Survival and continuity of dynasties

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Pablo Edronkin

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Survival is not just a concept applicable to maintaining life with the bare minimums; in some cases it can represent the bet on the continuation of political dynasties and leadership.

In our present-day culture we are accustomed to think in terms of our present, and barely consider the future or the past. Leadership, however, requires a totally different kind of perspective. If the survival of someone or something from one single soul to a whole nation is to make some sense as a bet against overwhelming odds, if an effort is to be made to survive no matter what, then things must be clear in the minds of those betting on survival.

In order to explain this we will use an example found in history. It is a real case of survival by a royal family.

Yazdegerd III became Shah of Persia in the year 632 CE after years of turmoil and political instability that followed the death of his grandfather Khosrau II. A carousel of several Shahs and pretenders had weakened the Persian Empire and left its economy in a rather bad shape, incapable of raising armies and negotiation with neighbouring powers. But Yazdegerd III, nevertheless, managed to control and improve the situation for a while.

The Sassanid imperial dynasty, from which Yazdegerd III was part, had been in power for centuries, and its weakened position became a temptation for many former enemies, plus some new ones, despite the fact that over time they also had managed to secure many significant alliances: Yazdegard's grandmother was a Roman woman named Maria, who married Khosrau II. Maria was one of the daughters of Maurice, Byzantine Emperor, and among his ancestors he could also count the Royal line of David, King of Israel and Judah.

Indeed, Yazdegerd I, one of his ancestors, had married Sashandukt bas Abba, who descended from Akkub ben Hizkiah Elioenai, born in 244 BCE, whom, in turn, descended from Hananiah ben Zurubbabel, son of the third Exilarch, Zurubbabel, in the direct line of the throne of the Davidian dynasty.

According to the Christian genealogies of Jesus, written by Luke and Matthew, another of Zurubabbel sons, Abihud, was a direct ancestor of Mary, wife of Joseph, who descended from Rhesa, another of Zurubabbel's children. So, Yazdegerd III, last Sassanid Shah, was a descendant of King David and Jesus, a fact that put him not only within a most interesting genealogy, but in a political situation that could be well exploited, given the fact that his grandmother had been Christina, he professed Zoroastrism and in his family he could count both the Roman and the Jewish royalty.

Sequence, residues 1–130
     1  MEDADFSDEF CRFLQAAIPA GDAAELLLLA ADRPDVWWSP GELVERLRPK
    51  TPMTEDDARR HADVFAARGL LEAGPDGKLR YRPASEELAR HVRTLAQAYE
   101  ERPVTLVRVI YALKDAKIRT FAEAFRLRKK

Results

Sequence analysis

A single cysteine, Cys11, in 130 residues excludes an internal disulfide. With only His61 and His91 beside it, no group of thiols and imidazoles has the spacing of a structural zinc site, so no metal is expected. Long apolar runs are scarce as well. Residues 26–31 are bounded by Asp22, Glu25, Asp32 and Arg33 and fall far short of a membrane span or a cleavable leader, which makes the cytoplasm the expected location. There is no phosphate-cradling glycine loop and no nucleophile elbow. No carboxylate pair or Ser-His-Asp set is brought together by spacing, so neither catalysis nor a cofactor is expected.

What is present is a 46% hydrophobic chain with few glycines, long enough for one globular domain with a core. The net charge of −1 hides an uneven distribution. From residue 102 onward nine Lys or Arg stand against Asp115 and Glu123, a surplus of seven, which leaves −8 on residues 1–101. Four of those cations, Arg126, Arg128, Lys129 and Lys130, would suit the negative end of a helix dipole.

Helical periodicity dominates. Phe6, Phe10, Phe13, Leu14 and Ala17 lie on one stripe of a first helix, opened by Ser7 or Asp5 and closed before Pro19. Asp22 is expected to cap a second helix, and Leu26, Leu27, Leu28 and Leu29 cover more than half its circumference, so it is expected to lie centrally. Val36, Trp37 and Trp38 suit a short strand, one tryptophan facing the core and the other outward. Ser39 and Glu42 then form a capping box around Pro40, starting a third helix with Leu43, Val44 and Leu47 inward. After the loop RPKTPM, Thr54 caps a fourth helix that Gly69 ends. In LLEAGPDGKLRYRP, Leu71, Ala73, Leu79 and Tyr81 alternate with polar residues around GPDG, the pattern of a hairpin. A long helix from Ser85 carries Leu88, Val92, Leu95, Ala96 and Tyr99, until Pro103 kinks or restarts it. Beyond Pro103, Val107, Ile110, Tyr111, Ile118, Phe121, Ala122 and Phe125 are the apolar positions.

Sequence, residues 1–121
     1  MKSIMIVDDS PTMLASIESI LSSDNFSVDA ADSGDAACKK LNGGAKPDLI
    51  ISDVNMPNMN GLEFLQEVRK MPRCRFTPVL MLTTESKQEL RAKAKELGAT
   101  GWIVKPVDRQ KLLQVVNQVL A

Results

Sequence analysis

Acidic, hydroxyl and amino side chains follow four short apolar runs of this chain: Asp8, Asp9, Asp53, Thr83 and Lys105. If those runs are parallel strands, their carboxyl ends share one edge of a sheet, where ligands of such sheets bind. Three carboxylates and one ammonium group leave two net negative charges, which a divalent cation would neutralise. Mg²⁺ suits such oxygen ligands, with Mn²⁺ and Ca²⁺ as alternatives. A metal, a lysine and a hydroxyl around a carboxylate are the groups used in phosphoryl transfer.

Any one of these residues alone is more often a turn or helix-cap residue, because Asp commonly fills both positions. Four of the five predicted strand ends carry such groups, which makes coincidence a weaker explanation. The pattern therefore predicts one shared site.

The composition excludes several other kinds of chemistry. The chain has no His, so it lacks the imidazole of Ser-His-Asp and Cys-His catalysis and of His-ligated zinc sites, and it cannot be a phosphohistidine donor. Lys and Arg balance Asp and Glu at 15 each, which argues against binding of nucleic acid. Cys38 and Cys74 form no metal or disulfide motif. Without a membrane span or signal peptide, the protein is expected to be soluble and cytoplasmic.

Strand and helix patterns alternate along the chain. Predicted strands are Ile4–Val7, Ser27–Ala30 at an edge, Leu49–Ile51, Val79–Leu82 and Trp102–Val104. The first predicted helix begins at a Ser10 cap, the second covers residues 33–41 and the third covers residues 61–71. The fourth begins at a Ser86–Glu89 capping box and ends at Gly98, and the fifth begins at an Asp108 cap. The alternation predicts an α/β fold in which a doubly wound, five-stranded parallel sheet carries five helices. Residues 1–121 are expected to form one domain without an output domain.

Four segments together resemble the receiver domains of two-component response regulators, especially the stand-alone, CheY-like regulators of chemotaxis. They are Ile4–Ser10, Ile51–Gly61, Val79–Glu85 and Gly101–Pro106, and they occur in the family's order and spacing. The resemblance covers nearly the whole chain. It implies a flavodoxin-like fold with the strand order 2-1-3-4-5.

Despite these favourable political factors, the Persian Empire was in serious trouble at the time because of the sequels of the intestine fights of years before and the advent of Islam. This should remind us of the difference between the potential of someone or something, and the results of the application of those potential resources.

At times and form many reasons, even a millionaire could be living destitute. This happens essentially when the riches cannot be managed in a was such as to allow them to produce any positive result, and may or may not have anything to do with the characteristics and ability of the leader itself; history shows that sometimes a frame situation has evolved so badly that even great leaders find it impossible to revert fate.

In fact, the reign of Yazdegerd III was cut short and replaced by an Islamic Caliphate that in turn, was replaced by another. So he couldn't do much to keep the empire together before his death in 651 CE, but in the years of his rule he managed to ensure the survival and continuity of the Sassanid dynasty elsewhere.

In later years, those who took power of Persia understood well the need of dynastic continuity in a society accustomed to long-standing traditions, and completed the royal marriage arrangements in those cases in which Yazdegerd couldn't.

Peroz II, who was the Crown Prince, fled with most of the Sassanid family to China. There they married with the Imperial family and so, the Persian emperors managed to continue their line among the Chinese royalty and nobility. Narsieh, son of Peroz II became a General in the Chinese army.

Two daughters of Yazdegerd III were married into the new Islamic elite: one of them became the wife of Caliph Muhhamad ibn Abu Bakr, and another one named Shahrbanu was offered marriage with whomever she wanted, as long as the man was a Muslim. She the is reputed to have said "I want a head which is above all heads", and married Hussein ibn Ali, grandson of Prophet Muhammad.

Dara Azdawar Izdundad was another of Yazdegerd's daughters. She was married to Bustanai ben Haninai, Jewish Exilarch and heir to the Davidian throne, a dynasty that even then spanned for sixteen centuries.

Still today among Muslims, Christians and Jews there are descendants of David, Shahrbanu, Hussein ibn Ali, Dara and Bustanai. Descendants of Prohet Muhhamad are know among Muslims as "Ahl al-Bayt" or "The People of the House." Among Jews, the descendants of King David are know as "The House of David."

It is odd that given these familiar and historical links, people of the three biggest monotheistic religions share a violent history of intolerance and ambition. But from the branches of the tree that still exist today, countless theologians, writers, artists, scientists, thinkers and political leaders emerged over the centuries. Quite a testament to the skill and perspective of the kings and emperors of ancient times, that gave them the ability to survive, think strategically and bet on the future despite all odds.


Demagogia; pencil, 2012, by Pablo Edronkin.
Demagogia; pencil, 2012, by Pablo Edronkin.



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